Is the SLR concept dead ?

I am not sure to fully understand that hybrid EVF/OVF viewfinder (*) thing for the upcoming Fujifilm X100, but I am starting to think it could be a real meaningful innovation for future camera design.

And one of the very question could be: will this technology could ultimately kill the (D)SLR concept ?

Actually the very advantage of SLR / retractable mirror cameras is the “through-the-lens” (TTL) viewing (which is necessary for proxy/macro shots), metering (for natural light as well as for flash) and DOF preview. But this is at the expense of an additional and bulky mechanical device, as well as it requires bigger lenses (because the rear lens has to be more distant from the film/sensor), involves additional response lag (mirror flip) and a resulting darker and narrower viewfinder (only high end SLR have clear and 100% viewfinder).

With this new hybrid viewfinder technology – and assuming that further refinements will bring the EVF at the level of an optical SLR mirror system if it is not already the case with the X100 – you have basically all the pros of (D)SLR without the mirror and its cons. At least I can imagine that consumer and semi-pro DSLRs (that have a not-so-good viewfinder, frankly) will be quickly surpassed by this new technology, which I assume is even less costly to implement.

(*) by the way I am not sure about the – only -90% coverage of the X100 OVF that I mentioned in a previous post, though it was stated somewhere in the Fuji marketing documentation.

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New FujiFilm X100

Disclaimer: I am no gear addict and the usual discussions about camera and lens bother me… I just need a good tool I am comfortable with and that gives good results. For information the current camera I use is a Fuji S5 DSLR (basically a Nikon D200 with Fuji sensor) and a Tamron 17-50 f2.8 zoom, most of the time at widest focal (which gives an approximate 26mm width in equiv 35mm film). I like this combo, it is not that bad – although it is not the most appropriate gear for what I am after. My real concern is that the sensor is not FF and cropped sensors (x1.5 or so) really suck for wide angle (you get the distortion of a 20mm for a 35 frame). And for sure I would prefer a RF camera, with 24 or 28 and 35mm primes. But I don’t want to invest on a Leica M9 because frankly it is too expensive and IMO way overpriced.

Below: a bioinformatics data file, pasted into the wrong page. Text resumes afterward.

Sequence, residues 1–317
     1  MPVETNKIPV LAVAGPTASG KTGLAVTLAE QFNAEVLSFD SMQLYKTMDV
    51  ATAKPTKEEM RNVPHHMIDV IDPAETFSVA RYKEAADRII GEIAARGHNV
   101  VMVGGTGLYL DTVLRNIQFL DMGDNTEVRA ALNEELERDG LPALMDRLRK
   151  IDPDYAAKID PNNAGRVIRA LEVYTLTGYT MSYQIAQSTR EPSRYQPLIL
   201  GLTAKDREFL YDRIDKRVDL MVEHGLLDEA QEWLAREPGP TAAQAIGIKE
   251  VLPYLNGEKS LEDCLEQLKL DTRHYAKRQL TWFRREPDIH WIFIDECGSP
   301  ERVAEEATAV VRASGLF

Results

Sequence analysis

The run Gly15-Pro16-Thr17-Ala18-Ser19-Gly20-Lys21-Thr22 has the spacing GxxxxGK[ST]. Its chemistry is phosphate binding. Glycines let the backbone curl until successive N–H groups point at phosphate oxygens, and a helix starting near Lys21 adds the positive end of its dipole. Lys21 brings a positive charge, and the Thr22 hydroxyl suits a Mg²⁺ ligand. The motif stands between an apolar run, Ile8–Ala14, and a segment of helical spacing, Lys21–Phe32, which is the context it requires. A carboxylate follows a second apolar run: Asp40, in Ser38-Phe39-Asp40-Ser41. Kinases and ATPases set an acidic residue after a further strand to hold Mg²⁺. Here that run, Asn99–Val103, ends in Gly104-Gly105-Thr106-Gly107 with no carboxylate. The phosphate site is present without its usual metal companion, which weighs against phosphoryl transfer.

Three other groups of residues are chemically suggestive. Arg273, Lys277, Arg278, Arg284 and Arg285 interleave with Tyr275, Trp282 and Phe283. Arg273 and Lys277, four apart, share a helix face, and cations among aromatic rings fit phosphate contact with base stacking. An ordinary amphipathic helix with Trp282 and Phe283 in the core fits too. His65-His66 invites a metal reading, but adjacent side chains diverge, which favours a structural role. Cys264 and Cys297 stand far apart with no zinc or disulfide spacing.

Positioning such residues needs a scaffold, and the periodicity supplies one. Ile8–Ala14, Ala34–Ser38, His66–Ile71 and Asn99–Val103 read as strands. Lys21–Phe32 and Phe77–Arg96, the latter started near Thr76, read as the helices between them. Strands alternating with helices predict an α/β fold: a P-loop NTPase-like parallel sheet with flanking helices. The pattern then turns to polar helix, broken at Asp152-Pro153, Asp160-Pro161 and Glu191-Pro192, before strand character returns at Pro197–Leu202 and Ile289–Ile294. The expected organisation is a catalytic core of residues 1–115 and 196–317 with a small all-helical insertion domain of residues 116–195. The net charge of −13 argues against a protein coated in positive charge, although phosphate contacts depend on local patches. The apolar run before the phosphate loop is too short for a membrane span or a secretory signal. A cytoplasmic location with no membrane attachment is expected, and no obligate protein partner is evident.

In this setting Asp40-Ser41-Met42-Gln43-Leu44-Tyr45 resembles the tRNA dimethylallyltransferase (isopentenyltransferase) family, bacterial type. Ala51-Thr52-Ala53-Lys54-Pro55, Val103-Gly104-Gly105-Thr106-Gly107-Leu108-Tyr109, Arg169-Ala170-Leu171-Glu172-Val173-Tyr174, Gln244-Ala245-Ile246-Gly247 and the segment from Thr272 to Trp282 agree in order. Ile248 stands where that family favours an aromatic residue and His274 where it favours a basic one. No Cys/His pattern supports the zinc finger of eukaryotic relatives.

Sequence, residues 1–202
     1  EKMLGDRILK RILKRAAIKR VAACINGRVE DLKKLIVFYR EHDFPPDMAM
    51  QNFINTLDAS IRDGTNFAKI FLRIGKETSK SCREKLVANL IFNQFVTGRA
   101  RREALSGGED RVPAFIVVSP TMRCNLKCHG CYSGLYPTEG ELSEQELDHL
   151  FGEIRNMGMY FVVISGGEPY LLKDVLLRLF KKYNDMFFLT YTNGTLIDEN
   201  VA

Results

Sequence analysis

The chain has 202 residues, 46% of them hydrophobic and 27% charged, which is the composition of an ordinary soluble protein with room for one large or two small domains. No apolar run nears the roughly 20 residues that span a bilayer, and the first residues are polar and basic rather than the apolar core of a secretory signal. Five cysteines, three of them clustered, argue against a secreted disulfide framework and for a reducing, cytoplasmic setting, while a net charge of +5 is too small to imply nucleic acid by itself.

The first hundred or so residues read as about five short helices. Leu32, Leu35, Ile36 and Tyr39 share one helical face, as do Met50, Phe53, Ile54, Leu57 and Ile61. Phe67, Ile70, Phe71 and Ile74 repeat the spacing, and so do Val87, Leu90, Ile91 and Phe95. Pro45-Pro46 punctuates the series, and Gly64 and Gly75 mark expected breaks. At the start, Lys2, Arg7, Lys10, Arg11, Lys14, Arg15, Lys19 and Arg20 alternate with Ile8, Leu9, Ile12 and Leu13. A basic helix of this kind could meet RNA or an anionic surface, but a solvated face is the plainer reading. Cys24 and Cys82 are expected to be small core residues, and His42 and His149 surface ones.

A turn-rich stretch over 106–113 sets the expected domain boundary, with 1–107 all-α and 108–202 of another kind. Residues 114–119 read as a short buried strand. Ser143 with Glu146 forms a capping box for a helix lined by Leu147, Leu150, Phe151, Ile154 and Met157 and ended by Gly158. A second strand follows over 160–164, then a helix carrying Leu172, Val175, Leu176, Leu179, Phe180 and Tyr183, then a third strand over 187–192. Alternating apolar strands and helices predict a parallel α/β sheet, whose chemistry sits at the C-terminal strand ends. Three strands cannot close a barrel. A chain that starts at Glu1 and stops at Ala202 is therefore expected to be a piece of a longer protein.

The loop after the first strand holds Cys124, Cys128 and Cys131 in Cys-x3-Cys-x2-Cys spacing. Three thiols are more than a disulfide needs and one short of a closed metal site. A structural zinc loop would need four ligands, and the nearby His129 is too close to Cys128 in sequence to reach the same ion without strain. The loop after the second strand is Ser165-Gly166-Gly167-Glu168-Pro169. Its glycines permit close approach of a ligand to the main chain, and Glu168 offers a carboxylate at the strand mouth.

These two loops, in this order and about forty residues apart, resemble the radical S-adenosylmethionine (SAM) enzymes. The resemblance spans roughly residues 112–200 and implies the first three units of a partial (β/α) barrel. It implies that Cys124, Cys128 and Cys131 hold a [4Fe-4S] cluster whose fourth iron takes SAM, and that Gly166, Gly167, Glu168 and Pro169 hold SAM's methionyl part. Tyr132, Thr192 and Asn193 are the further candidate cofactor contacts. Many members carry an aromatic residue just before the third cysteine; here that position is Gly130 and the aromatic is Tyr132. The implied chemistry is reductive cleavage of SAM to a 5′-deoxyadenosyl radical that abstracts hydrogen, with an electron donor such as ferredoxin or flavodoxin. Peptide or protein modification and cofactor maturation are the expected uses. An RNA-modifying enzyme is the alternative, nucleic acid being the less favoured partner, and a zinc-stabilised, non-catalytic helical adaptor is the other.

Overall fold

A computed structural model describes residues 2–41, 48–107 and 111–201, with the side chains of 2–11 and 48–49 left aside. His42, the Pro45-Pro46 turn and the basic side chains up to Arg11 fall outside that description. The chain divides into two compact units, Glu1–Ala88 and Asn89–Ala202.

But yesterday I learned that Fujifilm is about to issue the new Finepix X100, a new 12M digital compact camera which looks like that:

… and it looks really good, isn’t it ?

OK, it looks good, but will it be really good ? The first thing that I find is misleading is that you might think it is a rangefinder camera. But it is not. It is basically a compact camera with both optical (*) and electronic viewfinder. Optical viewfinders differ from RF which are completely different beasts, especially  for (manual) focusing purpose.

The X100 will come with a 23mm f2.0 prime lens which is described as very good. It is a fixed prime, as far as I understood. Together with the cropped sensor x1,5 magnification you come up with 35mm frame. Here I have the same concern that with my Fuji S5, and the focal length is not wide enough for me. But if the lens is good I probably can live with that, at least as a second all-purpose camera.

One thing I wonder is focusing. Does the X100 allows manual focus operation ? It is not quite clear from what I have read so far. But I noticed that 1/ the lens does not seem to have a manual focus ring (I believe the ring is for aperture) and 2/ the lens barrel has no distance/DOF scale (see pic below, view from top).

And that – together with a mere optical viewfinder – is a clue for a not-so comfortable manual focus (assuming that manual focus is possible with the X100). I personally almost always use pre-focusing technique for street shots, and that lack of DOF scale is a real flaw for me.

So… is the X100 just a (probably good) compact camera with vintage Leica/Contax look ? Or is it a valid substitution product for way-too-much-expensive digital RF camera ? Wait and see…

(*) – EDIT – and the Fuji website says the optical viewfinder of the X100 has only 90% coverage, which is disappointing.